This article was translated by John R. Bopp

On this occasion, we’re going to bring together news from several sources.  One was published on the website The Culture Trip, in an article penned by Esme Fox, who gives readers some basic information about this sport, its different variants, and its origins.  The other is an article we’ve been saving for a while, about to burst because we really wanted to share it with you.  It’s about Mexican revolutionary Pancho Villa’s enormous love for this sport, especially the variant played with a pala.

This second article, which fascinated us when we learned it, we found on one of those websites that is a basic reference site for anyone who wants to learn about the Basques: Euskonews.

On this website, which does the priceless job of compiling and sharing everything Basque, we found an article penned by Palmira Oyanguren explaining the spread of this sport throughout the Americas.  She talks about the presence of Basque pelota in the New World starting in the 16th century, and goes into detail about how much Pancho Villa loved this sport.

The Mexican revolutionary was a huge fan of the sport.  Given his surnames (he was born Doroteo Arango Arámbula), some define him as having Basque ancestry, but his actions don’t seem to have shown any feeling of belonging to the Basque community.  Even the expulsion of the “Spaniards” from towns like Torreón implied the expulsion of many Basque families that had made their fortune in that part of Mexico, as we were told on El Siglo de Torreón (The Torreón Century).

As an anecdote, we found a curious comment that tried to unite the fact that pelota as one of the sports included in the 1900 Paris Olympics with the weight and popularity this sport had among the Basques.

We’re sharing the article about Basque pelota published on The Culture Trip, the Euskonews article about this history of this sport in the Americas, and the article from Mexico that talks about the measures taken by Pancho Villa in the Mexican town of Torreón, which had a large influence on many Basque families.

The Culture Trip – 8/3/2017 – 

A Brief Introduction to Pelota, Bilbao’s Sport You’ve Never Heard Of

Pelota is one of the most popular sports in the Basque Country, it’s the common name for a variety of ball games played against a wall, called a fronton. Similar to a combination of squash and handball, it can be played using your hand, racket or wooden bat. Pelota is a fast-moving game that you can play one-on-one, in partners or in a team.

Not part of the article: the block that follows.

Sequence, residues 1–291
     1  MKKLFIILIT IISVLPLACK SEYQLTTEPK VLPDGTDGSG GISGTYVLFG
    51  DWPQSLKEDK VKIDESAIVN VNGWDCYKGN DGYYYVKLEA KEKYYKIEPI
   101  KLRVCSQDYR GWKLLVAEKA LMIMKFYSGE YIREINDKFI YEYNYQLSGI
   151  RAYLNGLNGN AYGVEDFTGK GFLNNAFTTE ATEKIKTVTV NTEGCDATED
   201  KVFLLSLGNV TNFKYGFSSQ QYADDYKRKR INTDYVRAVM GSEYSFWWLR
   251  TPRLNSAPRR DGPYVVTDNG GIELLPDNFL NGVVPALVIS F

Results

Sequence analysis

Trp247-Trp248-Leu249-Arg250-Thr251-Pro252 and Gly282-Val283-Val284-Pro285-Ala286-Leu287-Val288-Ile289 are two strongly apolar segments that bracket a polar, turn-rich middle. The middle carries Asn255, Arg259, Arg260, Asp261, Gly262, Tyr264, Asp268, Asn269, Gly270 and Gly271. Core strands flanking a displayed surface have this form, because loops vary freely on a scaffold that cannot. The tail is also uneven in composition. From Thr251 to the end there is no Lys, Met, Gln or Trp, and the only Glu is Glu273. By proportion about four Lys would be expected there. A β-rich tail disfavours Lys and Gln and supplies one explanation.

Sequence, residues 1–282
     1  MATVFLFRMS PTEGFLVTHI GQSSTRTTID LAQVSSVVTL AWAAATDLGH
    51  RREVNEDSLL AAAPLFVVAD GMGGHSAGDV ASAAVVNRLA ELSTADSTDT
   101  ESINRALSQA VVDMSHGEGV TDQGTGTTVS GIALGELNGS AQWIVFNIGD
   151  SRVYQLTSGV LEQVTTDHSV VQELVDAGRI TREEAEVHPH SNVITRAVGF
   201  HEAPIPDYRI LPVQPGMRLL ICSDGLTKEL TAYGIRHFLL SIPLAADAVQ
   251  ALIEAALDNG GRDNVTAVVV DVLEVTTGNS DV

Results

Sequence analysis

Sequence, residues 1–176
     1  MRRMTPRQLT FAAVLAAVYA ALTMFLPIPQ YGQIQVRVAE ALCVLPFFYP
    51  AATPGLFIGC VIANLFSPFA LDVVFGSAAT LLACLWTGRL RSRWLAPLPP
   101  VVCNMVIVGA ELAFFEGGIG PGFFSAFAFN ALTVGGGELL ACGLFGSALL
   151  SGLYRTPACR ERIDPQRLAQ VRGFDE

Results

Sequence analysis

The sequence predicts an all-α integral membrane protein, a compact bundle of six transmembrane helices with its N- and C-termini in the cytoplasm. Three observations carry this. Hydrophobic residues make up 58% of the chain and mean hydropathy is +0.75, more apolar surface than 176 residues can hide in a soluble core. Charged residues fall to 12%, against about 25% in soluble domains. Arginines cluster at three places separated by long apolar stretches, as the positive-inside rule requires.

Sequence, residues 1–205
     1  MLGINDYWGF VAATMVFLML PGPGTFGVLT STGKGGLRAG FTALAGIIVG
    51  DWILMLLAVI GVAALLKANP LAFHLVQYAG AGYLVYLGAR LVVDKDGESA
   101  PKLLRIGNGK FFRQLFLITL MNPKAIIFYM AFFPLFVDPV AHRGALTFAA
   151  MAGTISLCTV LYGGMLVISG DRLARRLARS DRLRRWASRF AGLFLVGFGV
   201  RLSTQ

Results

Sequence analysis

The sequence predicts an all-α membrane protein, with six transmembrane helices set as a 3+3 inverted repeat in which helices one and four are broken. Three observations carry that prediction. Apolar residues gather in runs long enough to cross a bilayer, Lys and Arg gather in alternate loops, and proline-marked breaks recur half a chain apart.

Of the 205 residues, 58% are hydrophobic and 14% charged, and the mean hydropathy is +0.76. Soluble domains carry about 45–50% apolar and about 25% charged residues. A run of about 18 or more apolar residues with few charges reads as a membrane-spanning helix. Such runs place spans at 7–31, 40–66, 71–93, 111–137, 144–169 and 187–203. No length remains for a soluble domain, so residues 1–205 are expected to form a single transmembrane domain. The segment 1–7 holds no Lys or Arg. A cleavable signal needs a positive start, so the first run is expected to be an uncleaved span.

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Euskonews –   – Euskadi

Anécdotas de la pelota vasca en América

Pancho Villa poses for the camera during a Basque pelota match.
Pancho Villa poses for the camera during a Basque pelota match.

La historia de los historiadores se preocupa de los grandes hechos de la humanidad: descubrimientos, guerras, héroes y a veces olvida al hombre de carne y hueso, que trabaja, lucha, se divierte, que vive detrás del personaje. En ese su día a día surgen las anécdotas, sucedidos sabrosos que son transmitidos de boca en boca dándole sabor a la rutina. Es así como también nos llegan las curiosidades en el mundo de la pelota.

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El Siglo de Torreón – 7/12/2014 – México

En 1914, Pancho Villa expulsó a los españoles de La Laguna

Luego de derrotar al ejército de Victoriano Huerta y hacer su entrada triunfal a la ciudad de Torreón, durante la mañana del 3 de abril de 1914, Francisco Villa tomó la decisión de expulsar a todos los españoles que aquí radicaban. La orden fue terminante, el temperamento del Centauro del Norte desbordaba venganza, meses antes había desterrado a los hispanos de Chihuahua. El éxodo de más de 600 miembros de la colonia española de La Laguna, a poco más de un siglo de acontecido, se efectuó por vía ferroviaria y el convoy partió de la Estación Alianza con destino a la ciudad de El Paso, Texas, a donde algunos de ellos llegaron acompañados de sus familias.

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